TRANSCRIPT - Today Show, Friday 19 September 2014

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SUBJECT/S: Anti-Terror Raids; Iraq

BEN FORDHAM, PRESENTER: Communications Minister Malcolm Turnbull joins us this morning along with the Deputy Opposition Leader, Tanya Plibersek. Good morning to both of you. I might start with you first of all if I can, Tanya. Yesterday like all of us waking up, watching what we saw and then hearing the detail about this plot, how frightened are you?

TANYA PLIBERSEK, DEPUTY OPPOSITION LEADER: Well, I would not say I am frightened, I would say that I am determined - to ensure that our Australian security and intelligence agencies that have done such a good job of preventing this attack on Australian soil have the resources and the authority to do what they need to keep Australia safe.

FORDHAM: Malcolm, does it scare you? It scares me when I hear about a plot to kidnap someone off the streets, possibly to behead them, to film them, wrap the body in the ISIL flag and send the video back to the Middle East to distribute worldwide, that scares the living you know what out of me.

MALCOLM TURNBULL, COMMUNICATIONS MINISTER: Well this is not a time to be scared, this is a time to be determined as Tanya said, to be determined and united in our resolve to support our police, our security services and all of the instruments of government to protect the community and they are doing a very good job and they will continue to do that job. But the other thing that we have got to do is make it very, very clear that we are not going to be intimidated by terrorists like this. We must- it is absolutely important that all of us go about our work, our normal business, confident in the knowledge that we are a great country, very strong and united country, and we have the security apparatus to protect our citizens.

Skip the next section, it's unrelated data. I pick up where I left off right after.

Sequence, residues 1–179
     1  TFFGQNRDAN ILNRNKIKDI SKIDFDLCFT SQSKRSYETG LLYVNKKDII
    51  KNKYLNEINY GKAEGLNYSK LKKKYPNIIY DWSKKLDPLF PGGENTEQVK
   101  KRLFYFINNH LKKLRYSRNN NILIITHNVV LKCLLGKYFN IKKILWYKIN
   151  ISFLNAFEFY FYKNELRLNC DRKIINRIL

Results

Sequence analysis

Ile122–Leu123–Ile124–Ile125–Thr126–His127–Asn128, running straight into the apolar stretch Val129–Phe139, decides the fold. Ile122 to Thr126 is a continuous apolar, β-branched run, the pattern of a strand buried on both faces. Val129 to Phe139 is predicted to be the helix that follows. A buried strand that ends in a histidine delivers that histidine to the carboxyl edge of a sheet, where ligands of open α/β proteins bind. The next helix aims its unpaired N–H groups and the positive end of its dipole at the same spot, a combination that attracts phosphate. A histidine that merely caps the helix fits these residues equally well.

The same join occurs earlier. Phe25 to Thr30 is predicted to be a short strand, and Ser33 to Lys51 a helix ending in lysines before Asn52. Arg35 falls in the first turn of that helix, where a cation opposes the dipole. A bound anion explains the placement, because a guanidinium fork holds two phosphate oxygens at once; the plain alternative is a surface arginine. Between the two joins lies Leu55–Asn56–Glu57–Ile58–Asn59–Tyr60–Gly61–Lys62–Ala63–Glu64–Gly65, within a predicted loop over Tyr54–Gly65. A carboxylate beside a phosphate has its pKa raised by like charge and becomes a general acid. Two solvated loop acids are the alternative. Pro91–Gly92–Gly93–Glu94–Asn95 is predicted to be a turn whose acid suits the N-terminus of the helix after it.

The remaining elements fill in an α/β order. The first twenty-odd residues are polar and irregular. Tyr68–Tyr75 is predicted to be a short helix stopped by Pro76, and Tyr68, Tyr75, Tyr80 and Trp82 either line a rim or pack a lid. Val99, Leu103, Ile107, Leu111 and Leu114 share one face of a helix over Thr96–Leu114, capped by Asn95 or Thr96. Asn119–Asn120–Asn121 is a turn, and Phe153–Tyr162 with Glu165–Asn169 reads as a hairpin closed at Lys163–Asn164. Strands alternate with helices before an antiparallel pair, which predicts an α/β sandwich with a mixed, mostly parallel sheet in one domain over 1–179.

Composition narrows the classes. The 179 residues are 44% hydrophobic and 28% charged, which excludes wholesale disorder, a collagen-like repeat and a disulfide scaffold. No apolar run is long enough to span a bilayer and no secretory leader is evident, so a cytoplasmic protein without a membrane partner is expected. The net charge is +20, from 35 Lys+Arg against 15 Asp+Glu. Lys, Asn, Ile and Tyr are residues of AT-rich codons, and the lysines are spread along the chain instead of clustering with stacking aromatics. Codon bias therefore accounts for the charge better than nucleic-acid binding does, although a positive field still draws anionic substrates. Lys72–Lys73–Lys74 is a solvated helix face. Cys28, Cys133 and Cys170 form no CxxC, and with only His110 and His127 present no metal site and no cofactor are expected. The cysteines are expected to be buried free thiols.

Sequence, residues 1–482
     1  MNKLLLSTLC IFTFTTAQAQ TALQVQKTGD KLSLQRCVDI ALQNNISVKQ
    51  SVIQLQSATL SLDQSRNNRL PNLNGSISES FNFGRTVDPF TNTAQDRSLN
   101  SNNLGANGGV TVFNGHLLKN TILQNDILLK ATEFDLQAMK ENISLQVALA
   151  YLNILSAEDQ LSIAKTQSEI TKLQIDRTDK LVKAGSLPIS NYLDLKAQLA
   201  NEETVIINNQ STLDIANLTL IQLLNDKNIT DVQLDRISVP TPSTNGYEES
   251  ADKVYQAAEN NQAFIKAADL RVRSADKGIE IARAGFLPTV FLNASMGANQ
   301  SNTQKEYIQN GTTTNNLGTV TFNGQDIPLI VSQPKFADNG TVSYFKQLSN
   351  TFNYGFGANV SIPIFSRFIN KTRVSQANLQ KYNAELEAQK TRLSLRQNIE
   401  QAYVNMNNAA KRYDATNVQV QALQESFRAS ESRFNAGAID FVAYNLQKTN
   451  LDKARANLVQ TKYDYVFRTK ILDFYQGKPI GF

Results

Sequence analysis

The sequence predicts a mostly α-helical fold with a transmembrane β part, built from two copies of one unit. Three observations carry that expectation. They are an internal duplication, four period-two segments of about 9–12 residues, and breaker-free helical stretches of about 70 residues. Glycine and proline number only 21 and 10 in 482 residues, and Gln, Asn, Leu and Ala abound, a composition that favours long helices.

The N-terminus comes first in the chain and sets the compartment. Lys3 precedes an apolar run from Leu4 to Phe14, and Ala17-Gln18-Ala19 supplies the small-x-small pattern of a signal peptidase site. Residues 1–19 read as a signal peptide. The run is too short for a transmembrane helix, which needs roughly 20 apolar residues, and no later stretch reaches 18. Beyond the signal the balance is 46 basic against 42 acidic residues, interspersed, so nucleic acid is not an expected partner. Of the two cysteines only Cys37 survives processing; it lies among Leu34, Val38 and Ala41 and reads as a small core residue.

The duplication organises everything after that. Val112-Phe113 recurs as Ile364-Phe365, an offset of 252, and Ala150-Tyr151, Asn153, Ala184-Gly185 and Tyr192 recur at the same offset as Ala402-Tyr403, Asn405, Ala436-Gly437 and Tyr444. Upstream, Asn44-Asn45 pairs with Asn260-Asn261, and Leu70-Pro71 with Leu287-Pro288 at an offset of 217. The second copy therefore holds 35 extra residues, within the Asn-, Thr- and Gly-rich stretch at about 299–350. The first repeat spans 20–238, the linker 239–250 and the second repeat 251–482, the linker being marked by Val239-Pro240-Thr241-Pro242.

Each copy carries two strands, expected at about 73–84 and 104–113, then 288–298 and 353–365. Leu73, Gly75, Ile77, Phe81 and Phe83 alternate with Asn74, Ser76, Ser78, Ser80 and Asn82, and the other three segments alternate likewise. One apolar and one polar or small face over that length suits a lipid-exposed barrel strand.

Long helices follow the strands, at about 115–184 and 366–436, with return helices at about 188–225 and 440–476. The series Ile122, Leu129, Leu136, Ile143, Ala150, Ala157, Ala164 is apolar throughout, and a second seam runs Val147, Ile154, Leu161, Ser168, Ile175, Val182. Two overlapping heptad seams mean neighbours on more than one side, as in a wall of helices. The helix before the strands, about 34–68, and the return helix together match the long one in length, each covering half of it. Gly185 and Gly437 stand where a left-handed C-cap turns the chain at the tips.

FORDHAM: Tanya, Malcolm says now is the time to be determined and united. Not everyone is united. There were protests last night in Lakemba, small protests, I should point out, but there are people who are concerned that the terror raids yesterday, they suggested these are some kind of conspiracy here to pick on Muslims in our community. What would you say to those people?

PLIBERSEK: Well this certainly is not any sort of conspiracy. This is based on intelligence work that has been going on over some time. But the other thing I would say is that those protests yesterday were small protests and what we saw that was much larger was the barbecue on the weekend with Australian Muslims rejecting the small number of extremists in their midst. I am not going to make any comment about this most recent investigation but I can tell you David Irvine, the outgoing ASIO chief, has said in the past that most of their good intelligence comes from members of the Muslim community who are talking about family members or associates who are engaging in behaviour that is troubling to them. So you’ve got to remember that this group of people yesterday, nut jobs for sure, but a very small section of the community.

FORDHAM: Fair comment, nut jobs.

TURNBULL: Yeah, absolutely. Absolutely. Can I just make one really important point, and I think Tanya and I are on a unity ticket on this too. Those people who- what do the terrorists want us to do? They want to frighten us obviously. But they want to get the community to demonise the whole Muslim community. They want- those people who want to attack Muslims in general, attack Islam in general, are doing the terrorists work.